The focus of the article is the Christian therapeutical value of film therapy – the process of using movies made for the big screen or television for therapeutic purposes – and how it can be enhanced and extended by related digital media within the context of postmodernity.

By using film therapy as a tool in therapy the ideal atmosphere for learning is created where enjoyment and edification are combined. As Albert Einstein advised in 1915 in a letter to his 11 year old son, Hans Albert: ‘That is the way to learn the most, that when you are doing something with such enjoyment that you don’t notice that the time passes’ (Popova 2014).

Movies transcend all barriers and differences, whether these barriers are culture, language, religion, geographic borders, or belief systems (Niemiec & Wedding 2014:3). Semiotics is described by Tomaselli and McLennan-Dodd (2005:224) as the examination of how signs, including words, pictures, gestures, sounds, shapes, colours, things, artefacts, smells, performance and so on, come to have meaning. One could say that semiotics is the international language of movies.


The 21st century is characterised as the postmodern era (Anon 2013; Olthuis 1999:141; Olthuis 2012:3). According to Johnston (2004:33), ‘What has popularly been labelled the move from late modernity to postmodernity in Western culture has brought with it fundamental changes in how we view reality’. In postmodernity the observer's experience (presuppositions which work unconsciously) is extremely important in the development of knowledge (Du Toit 2000:54; Olthuis 1999:144). People living in the modern age were focused on rules, facts and the grand narrative, whilst in Postmodernity the question is asked about significance (Freedman & Combs 1996:22). According to Tak (2008:iii) postmodernism may be the phenomenon related to the spirit of the times, the mental structure, and the world view of the late 20th century, including the literature, art, and culture. Many believe postmodernism is the most profound societal change since the Enlightenment (Jones 2001:14) and undergirds all philosophical trends in the current era. The North American philosopher, James Olthuis (1999:140) states that the postmodern era not only open doors towards a post-secular discussion on faith, love and God, but it also encourages new and integrated forms of practical spirituality.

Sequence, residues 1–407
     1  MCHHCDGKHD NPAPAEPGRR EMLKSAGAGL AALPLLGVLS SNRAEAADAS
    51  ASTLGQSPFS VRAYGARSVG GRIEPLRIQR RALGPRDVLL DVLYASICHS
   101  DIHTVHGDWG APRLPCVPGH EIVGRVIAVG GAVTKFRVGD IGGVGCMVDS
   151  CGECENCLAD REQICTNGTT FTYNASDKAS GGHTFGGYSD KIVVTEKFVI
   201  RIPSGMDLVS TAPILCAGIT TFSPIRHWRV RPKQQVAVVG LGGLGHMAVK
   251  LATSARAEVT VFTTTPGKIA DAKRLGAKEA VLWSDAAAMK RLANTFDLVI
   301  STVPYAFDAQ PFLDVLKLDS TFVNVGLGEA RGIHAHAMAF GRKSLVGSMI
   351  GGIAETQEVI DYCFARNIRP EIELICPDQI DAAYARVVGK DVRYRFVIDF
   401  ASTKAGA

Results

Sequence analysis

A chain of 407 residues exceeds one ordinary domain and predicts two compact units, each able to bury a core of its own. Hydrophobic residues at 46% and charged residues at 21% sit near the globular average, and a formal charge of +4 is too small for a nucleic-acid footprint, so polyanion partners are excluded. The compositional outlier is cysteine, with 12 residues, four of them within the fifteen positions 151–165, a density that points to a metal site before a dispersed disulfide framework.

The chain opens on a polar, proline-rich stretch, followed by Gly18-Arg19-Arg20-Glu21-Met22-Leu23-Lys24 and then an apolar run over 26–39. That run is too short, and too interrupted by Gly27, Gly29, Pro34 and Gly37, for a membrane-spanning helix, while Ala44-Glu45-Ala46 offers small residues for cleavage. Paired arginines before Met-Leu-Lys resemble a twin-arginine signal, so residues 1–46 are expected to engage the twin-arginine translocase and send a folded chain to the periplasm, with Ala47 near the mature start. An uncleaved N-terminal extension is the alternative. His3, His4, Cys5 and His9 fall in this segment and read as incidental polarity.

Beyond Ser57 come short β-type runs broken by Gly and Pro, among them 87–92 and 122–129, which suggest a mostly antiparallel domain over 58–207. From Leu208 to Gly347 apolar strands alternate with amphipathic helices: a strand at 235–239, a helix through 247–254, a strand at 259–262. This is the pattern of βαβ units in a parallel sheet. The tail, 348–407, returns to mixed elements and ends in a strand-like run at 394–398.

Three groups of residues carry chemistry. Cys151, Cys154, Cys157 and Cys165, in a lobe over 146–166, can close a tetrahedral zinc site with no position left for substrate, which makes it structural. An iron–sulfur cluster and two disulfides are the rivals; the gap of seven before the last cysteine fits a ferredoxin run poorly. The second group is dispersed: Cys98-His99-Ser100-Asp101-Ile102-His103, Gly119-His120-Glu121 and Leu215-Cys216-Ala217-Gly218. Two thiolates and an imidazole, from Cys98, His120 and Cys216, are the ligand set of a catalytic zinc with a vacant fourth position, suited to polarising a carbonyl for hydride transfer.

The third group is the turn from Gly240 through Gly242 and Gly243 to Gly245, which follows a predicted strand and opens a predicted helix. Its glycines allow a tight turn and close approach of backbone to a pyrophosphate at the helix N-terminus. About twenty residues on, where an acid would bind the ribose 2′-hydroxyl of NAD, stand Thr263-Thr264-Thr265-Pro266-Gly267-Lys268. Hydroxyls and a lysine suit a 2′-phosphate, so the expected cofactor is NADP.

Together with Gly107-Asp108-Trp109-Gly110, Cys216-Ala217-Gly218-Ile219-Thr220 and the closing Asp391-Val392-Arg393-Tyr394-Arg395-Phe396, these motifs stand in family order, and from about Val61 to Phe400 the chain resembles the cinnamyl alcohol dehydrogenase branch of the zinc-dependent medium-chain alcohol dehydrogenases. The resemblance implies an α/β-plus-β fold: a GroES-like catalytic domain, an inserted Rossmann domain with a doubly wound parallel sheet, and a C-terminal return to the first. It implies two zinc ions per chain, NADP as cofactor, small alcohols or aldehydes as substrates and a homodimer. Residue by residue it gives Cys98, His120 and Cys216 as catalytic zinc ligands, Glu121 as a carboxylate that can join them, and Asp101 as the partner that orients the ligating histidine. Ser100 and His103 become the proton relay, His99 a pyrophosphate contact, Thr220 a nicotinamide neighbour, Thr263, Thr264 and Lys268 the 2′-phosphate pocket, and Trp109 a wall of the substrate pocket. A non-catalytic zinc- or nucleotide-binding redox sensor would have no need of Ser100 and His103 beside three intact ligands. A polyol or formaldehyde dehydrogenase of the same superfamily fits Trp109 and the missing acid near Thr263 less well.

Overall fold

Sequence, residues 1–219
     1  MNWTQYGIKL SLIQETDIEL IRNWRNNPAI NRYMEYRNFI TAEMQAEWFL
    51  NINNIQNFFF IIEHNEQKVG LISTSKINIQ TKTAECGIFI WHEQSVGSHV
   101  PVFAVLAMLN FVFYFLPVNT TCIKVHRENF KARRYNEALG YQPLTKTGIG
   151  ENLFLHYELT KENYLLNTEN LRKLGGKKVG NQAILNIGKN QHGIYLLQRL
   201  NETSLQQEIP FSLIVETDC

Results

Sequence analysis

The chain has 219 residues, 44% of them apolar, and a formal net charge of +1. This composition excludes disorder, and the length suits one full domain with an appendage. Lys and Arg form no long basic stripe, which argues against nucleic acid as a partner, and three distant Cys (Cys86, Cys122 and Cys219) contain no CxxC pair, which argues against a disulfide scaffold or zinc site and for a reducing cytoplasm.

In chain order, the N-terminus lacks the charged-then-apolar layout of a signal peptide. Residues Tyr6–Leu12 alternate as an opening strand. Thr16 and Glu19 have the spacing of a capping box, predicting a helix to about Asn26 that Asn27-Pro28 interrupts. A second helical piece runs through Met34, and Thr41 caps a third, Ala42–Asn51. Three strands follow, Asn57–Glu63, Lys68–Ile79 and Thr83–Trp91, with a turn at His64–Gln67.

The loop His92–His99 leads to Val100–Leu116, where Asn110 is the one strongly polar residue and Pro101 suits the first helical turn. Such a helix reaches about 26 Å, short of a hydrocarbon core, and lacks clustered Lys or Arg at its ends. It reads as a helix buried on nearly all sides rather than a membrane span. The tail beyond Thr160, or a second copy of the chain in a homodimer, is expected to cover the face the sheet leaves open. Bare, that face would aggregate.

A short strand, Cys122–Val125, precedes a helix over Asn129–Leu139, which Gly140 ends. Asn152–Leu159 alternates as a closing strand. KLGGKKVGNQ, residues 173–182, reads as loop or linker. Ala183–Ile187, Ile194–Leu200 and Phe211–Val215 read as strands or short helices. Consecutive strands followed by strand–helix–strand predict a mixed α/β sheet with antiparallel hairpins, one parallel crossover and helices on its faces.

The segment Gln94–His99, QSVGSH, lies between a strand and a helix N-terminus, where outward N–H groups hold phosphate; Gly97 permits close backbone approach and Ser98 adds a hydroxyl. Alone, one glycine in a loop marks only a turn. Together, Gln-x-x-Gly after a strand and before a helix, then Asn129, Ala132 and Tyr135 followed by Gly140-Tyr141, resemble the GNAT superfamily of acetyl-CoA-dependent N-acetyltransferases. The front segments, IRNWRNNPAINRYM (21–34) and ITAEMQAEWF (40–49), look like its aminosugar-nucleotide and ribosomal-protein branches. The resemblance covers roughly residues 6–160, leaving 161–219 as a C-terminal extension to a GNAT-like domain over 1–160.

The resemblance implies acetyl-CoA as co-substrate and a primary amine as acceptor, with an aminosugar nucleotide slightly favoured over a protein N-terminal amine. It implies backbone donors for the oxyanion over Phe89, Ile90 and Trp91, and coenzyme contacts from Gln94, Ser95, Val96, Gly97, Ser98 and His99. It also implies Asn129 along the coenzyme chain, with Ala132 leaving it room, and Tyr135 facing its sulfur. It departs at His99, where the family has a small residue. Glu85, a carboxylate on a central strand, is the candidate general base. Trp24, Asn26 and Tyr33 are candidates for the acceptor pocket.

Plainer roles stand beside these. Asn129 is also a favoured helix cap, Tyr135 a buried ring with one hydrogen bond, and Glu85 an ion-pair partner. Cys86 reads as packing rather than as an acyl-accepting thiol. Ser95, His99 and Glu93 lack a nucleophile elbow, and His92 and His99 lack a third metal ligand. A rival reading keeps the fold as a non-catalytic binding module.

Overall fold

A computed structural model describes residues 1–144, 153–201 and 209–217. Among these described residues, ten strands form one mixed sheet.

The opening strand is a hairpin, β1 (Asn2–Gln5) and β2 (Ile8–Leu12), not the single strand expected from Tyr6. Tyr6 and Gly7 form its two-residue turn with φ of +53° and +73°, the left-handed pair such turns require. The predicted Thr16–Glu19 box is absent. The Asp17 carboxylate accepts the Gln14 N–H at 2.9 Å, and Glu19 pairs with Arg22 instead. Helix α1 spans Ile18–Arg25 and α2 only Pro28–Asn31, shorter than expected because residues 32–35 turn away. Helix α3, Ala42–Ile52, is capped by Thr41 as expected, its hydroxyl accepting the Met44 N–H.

Regardless of believing that one is a postmodernist, one lives in the period of postmodernism and is affected by it on every level, whether one gives into its demands or not. Postmodernism is simply the water in which we swim now (Jones 2001:231). In order to communicate, live and breathe in this ongoing world, it's crucial to obtain a grip on postmodern cultural patterns and thought processes (Jones 2001:26). As Romanowski (2007:15) strongly argues, ‘The realm of popular culture can be seen as an arena for argument or debate in which different ideas and perspectives find voice in stories, videos, songs, and pictures’. Furthermore, contemporary technology is in itself value-laden (Painter-Morland & Pistorius 2007:136).